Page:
“When a bacterium which causes a disease in a horse has not been identified or when a specific bacterium cannot be reliably predicted, a broad-spectrum antibiotic or combination of antibiotics is administered meaning that it targets a wide array of different bacteria. These broad-spectrum antibiotics, such as TMP-SMZ, are most common in barn tack-rooms and, unfortunately, are traditionally administered without veterinarian supervision.”
Although the US Food and Drug Administration (FDA) is already deeply involved in the regulation of antibiotics for animals, even stricter regulation is a very real threat to horse owners, the paper suggests.
While it is hoped that the FDA will not limit the antibiotics available for equine veterinary use, says Magdesian, additional education is needed to ensure that appropriate “extra label” guidelines are being followed.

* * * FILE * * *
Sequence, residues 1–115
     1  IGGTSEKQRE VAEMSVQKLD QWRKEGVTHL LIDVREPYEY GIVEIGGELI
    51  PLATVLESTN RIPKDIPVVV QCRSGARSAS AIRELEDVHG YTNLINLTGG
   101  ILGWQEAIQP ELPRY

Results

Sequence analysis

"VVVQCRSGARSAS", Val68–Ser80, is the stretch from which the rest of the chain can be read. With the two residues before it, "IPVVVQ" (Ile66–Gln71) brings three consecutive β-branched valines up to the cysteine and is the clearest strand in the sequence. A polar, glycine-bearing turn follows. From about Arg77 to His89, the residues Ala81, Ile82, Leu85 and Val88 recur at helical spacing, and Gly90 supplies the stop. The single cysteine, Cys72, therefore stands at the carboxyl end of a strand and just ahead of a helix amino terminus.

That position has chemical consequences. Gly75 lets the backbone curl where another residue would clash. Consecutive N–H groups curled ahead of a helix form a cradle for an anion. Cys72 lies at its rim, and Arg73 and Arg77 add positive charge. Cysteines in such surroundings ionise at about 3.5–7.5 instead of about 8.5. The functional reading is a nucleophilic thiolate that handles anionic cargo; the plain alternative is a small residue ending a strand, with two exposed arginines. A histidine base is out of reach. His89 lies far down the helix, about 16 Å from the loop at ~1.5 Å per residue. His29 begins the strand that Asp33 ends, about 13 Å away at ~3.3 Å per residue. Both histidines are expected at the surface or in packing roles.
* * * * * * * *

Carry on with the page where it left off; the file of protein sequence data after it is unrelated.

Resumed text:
Tighter FDA regulation in an attempt to prevent antibiotic resistance could mean that certain antibiotics would no longer be available for use in horses or that they might not be prescribed for any use other than what is on the label. Such limitations would seriously hamper veterinarians’ ability to treat many diseases.
Therefore, says McKenzie, the risk that an animal could become sicker or even die if the drug needed is not available becomes the same risk as allowing unregulated use with available drugs which cease to be effective due to drug resistance.
Why more research is needed
While there were 29 new drug classes introduced to society between 1929 and 1969, there have been relatively few new antimicrobial drug discoveries for use in horses since then, with only minocycline and additional macrolides and cephalosporins for use in foals on the horizon.
The prospect of having limited new antibiotic choices is made more alarming by the potential for antibiotic resistance, the paper said.